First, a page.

According to this, for performing the perturbed calculations, the input file showed above should be changed to take into account the new structure. This is done by the script SETUPphononX described in the next subsection. The script will generate input files with the new geometry. For instance, for vanishing displacement, the crystal and species elements of the new input looks like this:
... <crystal scale=" 4.7707080313"> <basevect> 1.0000000000 0.0000000000 0.0000000000 </basevect> <basevect> 0.0000000000 1.0000000000 0.0000000000 </basevect> <basevect> 0.0000000000 0.0000000000 1.4142135624 </basevect> </crystal> <species speciesfile="C.xml" rmt="1.25"> <atom coord=" 0.0000000000 0.0000000000 0.0000000000"/> <atom coord=" 0.0000000000 0.5000000000 0.2500000000"/> <atom coord=" 0.5000000000 0.5000000000 0.5000000000"/> <atom coord=" 0.5000000000 1.0000000000 0.7500000000"/> </species> ...
Furthermore, when setting up a new calculation for a tetragonal system, the values defined by the attribute ngridk in the element groundstate should be also changed according to the new geometry. In particular, due to the fact that the crystal axis have now lengths which relate to each other like "1 1 √2", the values in ngridk should be choosen to relate each other as close as possible (notice that the values must be integers) to "1 1 1/√2". See the tutorial EletronicStructure Calculations for more details on this topic. Finally, the kpoint mesh should be chosen in the original input file (and imported to the new ones) as, e.g.:
... <groundstate ngridk="4 4 3" ...
Other possible choices for the kpoint grid are the following:
 "6 6 4"
 "8 8 6"
 "10 10 7"
 …
iii) Generation of input files for the different structures
In order to generate input files for a series of different structure you have to run the script SETUPphononX, which will produce the following output on the screen:
$ SETUPphononX.py
Enter maximum displacement umax [u/(lat. parameter)] >>>> 0.03
Enter the number of displacements in [umax,umax] >>>> 13

List of labels for phonon modes at the X point in the diamond structure

TA => Transverse acoustic mode
LA => Longitudinal acoustic mode
TO => Transverse optical mode
LO => Longitudinal optical mode

Enter label for phonon mode [1 choice] >>>> TA
$
In this example, the (on screen) input entries are preceded by the symbol »». The entry values must be typed on the screen when requested. The first entry (in our example 0.03) represents the absolute value of the maximum displacement (for each component in crystal coordinates) for which we want to perform the calculation. The second entry (13) is the number of structures equally spaced in the displacement of the second atom, which are generated between the maximum negative displacement and the maximum positive one. The third (last) entry (TA) is the code of the phonon mode that one wants to investigate.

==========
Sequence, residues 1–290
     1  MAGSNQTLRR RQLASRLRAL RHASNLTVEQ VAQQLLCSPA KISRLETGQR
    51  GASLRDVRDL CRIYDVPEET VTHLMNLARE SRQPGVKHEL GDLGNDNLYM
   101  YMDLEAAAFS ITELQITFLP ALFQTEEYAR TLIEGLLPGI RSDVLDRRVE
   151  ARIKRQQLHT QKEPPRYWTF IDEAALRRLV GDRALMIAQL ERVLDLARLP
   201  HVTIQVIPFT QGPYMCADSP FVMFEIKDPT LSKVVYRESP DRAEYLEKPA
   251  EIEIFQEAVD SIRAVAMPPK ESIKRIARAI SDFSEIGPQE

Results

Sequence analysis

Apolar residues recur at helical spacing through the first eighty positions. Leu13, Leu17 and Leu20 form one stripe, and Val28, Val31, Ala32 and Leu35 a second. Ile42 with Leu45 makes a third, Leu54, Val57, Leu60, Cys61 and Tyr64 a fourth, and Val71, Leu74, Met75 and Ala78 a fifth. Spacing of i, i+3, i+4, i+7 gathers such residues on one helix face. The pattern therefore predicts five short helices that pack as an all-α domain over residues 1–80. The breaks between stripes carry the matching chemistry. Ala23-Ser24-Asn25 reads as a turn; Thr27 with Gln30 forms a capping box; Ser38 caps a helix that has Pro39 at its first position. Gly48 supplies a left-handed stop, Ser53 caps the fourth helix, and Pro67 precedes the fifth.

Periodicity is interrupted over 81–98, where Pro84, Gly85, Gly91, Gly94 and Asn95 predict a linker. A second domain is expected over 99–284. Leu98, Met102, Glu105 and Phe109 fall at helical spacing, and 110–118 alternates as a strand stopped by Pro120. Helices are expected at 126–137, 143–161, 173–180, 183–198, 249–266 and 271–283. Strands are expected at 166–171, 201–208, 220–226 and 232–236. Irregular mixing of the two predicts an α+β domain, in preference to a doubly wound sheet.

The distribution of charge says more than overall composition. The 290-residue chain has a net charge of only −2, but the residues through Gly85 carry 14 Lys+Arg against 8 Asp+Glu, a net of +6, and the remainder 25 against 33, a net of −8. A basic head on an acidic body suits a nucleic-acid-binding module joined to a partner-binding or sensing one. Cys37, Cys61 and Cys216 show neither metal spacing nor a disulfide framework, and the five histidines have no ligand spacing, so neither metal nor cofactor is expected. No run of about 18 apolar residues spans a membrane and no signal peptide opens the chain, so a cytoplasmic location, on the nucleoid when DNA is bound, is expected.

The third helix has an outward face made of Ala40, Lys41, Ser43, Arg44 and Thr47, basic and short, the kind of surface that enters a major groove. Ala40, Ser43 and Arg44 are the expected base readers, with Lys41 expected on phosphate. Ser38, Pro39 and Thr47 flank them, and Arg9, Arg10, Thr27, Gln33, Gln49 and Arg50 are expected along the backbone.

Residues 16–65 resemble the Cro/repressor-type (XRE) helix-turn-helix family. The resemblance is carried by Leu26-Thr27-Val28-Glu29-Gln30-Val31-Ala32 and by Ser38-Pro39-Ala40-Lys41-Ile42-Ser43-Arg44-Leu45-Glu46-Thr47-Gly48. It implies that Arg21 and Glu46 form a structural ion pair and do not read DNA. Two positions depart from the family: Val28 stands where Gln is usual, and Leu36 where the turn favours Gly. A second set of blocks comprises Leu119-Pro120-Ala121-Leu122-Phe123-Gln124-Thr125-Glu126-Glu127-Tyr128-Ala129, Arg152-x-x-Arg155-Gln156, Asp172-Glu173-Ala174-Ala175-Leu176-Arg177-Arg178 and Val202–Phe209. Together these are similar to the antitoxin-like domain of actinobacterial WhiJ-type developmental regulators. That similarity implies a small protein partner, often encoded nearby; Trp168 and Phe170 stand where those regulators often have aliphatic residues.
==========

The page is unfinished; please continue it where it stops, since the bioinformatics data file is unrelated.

After running the script, a directory called workdir is created, which contains the input files corresponding to the different displacements.
Notice that the directory workdir will be overwritten each time you execute the script SETUPphononX.py. Therefore, before setting up a new run please rename the workdir directory to a different name, e.g.:
$ mv workdir resultslabel
3. Execute the calculations
To execute the series of calculation with input files created by SETUPphononX.py you have to run the script EXECUTEphononX.sh:
$ EXECUTEphononX.sh
Running exciting for file input07.xml 
...
Run completed for file input13.xml 
$
Notice that, due to the symmetry of the phonon pattern at X, the script executes only calculations with input files corresponding to positive (or vanishing) displacements. This is the reason why the first executed calculation is for the file input07.xml instead of for input01.xml.
After the complete run, the results of the calculation for the input file workdir/input.xmli are contained in the subdirectory workdir/rundiri where i is running from 01 (07 in this case) to the total number of strain values. The data for the energyvsdisplacement curves are contained in the files workdir/energyvsdisplacement.
4. Postprocessing: Extract energy derivatives
In order to analyze the results of the calculations, you first have to move to the working directory.
$ cd workdir
At this point, you can use the python script CHECKFITenergyvsdisplacement.py for extracting the derivatives of the energyvsdisplacement curves at zero displacement:
$ CHECKFITenergyvsdisplacement.py
Enter maximum displacement for the interpolation >>>> 0.03
Enter the order of derivative >>>> 2
Enter atomic mass in [amu] >>>> 12.01
_____________________________________________
Xphononcalculation
#############################################
Fit data
Maximum value of the displacement ==> 0.030
Number of displacement values used ==> 13
Fit results for the derivative of order 2
Polynomial of order 2 ==> 778.80 [cm1]
Polynomial of order 3 ==> 778.80 [cm1]
Polynomial of order 4 ==> 774.90 [cm1]
Polynomial of order 5 ==> 774.90 [cm1]
Polynomial of order 6 ==> 774.12 [cm1]
Polynomial of order 7 ==> 774.12 [cm1]
Polynomial of order 2 ==> 23.3479 [THz]
Polynomial of order 3 ==> 23.3479 [THz]
Polynomial of order 4 ==> 23.2309 [THz]